The Phoenicians were experts in the manufacture of fabrics and established the textile industry in Malta
Hesychius of Alexandria1 made reference to Maltese textiles for the first time in the 6th/5th century AD, while Callimachus2 was the first Greek poet to mention Maltese textile products during the 3rd century BC. Some two centuries later, another Greek, Diodorus Siculus3 describes the Maltese as excelling in several arts, particularly the manufacture of cloth remarkable for its softness and fineness. Roman authors from the 1st century BC such as Marcus Terentius Varro4 and Silius Italicus5 similarly make mention of such wares.
Hesychius Callimachus Diodorus Siculus Marcus Terentius Varro Silius Italicus
Several Greek & Latin Academics from Antiquity made mention of Malta's Textile Industry in their writings
Varro wrote about a Maltese 'mitra'6 while Silius concurs with Diodorus when it comes to quality in saying that the Maltese were proud of their 'tela-lanigera', both these terms referring to textile products. None of the above mentioned authors or others from the period make specific reference to what material was used, however prehistoric remains and careful attention to the original terms employed indicate that it was linen they had in mind. Linen is a strong, breathable and absorbent material made from fibres extracted from the inner part of the flax plant. The term derives from the plant's Latin name, Linum, and the earlier Greek Linon.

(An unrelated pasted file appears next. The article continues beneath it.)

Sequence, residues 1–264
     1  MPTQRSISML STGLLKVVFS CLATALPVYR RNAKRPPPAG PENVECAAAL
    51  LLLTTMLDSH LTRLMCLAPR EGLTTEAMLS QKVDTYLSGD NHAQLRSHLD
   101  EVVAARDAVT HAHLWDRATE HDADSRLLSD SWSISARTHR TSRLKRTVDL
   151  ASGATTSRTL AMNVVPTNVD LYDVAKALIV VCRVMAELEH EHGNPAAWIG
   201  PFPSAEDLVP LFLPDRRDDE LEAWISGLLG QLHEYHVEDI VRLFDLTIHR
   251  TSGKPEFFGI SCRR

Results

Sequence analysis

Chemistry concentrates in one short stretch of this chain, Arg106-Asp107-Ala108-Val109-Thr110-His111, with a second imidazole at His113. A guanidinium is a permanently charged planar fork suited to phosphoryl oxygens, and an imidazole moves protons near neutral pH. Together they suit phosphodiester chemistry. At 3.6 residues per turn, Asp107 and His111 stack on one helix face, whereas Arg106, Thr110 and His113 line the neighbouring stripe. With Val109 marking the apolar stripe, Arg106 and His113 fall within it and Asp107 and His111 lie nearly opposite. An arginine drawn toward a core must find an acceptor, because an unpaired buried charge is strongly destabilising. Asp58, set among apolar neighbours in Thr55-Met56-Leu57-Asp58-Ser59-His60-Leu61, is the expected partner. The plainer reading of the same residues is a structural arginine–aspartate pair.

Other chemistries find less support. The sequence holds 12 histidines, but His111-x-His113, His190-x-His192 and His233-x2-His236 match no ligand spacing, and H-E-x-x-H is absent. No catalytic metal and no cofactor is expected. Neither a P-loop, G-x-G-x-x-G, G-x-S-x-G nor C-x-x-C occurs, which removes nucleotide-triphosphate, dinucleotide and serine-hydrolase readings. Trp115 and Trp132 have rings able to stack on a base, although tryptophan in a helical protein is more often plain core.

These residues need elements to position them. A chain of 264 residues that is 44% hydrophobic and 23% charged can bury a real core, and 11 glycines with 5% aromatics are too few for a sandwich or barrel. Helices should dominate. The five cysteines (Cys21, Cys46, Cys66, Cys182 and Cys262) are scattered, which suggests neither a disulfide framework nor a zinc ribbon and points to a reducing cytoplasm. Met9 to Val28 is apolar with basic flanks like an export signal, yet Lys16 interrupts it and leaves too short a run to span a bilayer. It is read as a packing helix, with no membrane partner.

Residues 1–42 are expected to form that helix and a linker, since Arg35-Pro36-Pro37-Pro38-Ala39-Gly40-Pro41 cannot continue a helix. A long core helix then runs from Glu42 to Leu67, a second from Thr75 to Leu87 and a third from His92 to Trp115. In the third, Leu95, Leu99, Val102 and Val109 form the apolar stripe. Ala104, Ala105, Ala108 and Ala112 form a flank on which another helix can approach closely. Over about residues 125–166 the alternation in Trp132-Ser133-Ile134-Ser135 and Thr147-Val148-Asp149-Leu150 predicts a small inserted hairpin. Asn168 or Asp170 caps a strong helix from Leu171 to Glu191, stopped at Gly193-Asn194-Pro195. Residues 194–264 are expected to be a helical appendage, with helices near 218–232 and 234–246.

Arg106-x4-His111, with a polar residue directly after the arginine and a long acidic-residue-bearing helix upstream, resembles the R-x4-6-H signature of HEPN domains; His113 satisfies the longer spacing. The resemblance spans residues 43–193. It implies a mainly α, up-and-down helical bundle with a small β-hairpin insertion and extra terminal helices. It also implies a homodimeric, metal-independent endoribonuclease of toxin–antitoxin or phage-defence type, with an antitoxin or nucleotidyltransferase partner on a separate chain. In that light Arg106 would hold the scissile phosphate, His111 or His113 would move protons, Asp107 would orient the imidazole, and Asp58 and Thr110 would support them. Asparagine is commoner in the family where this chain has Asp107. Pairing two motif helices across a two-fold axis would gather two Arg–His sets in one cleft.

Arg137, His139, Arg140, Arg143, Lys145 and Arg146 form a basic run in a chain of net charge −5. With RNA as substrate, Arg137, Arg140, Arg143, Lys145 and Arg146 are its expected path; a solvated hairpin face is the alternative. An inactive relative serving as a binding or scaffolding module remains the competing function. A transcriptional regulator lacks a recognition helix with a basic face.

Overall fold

The Flax Plant - Roman Women used Linen 'Mitra' bands to style their Hair - Linen Yarn from the Plant's Fibres
Before being granted the status of a Roman Municipium, hence its own local administration, Malta formed part of the province of Sicily. A dispute occurred when Caius Verres, Praetor of Sicily7 between 73-71 BC was denounced for several abuses to the detriment of our ancestors. Marcus Tullius Cicero8 accused Verres on several counts of corruption and misconduct, which included turning Melite into a textile factory and carrying away immense quantities of Maltese cloth.
Cicero - The trial of Gauis Verres - Verres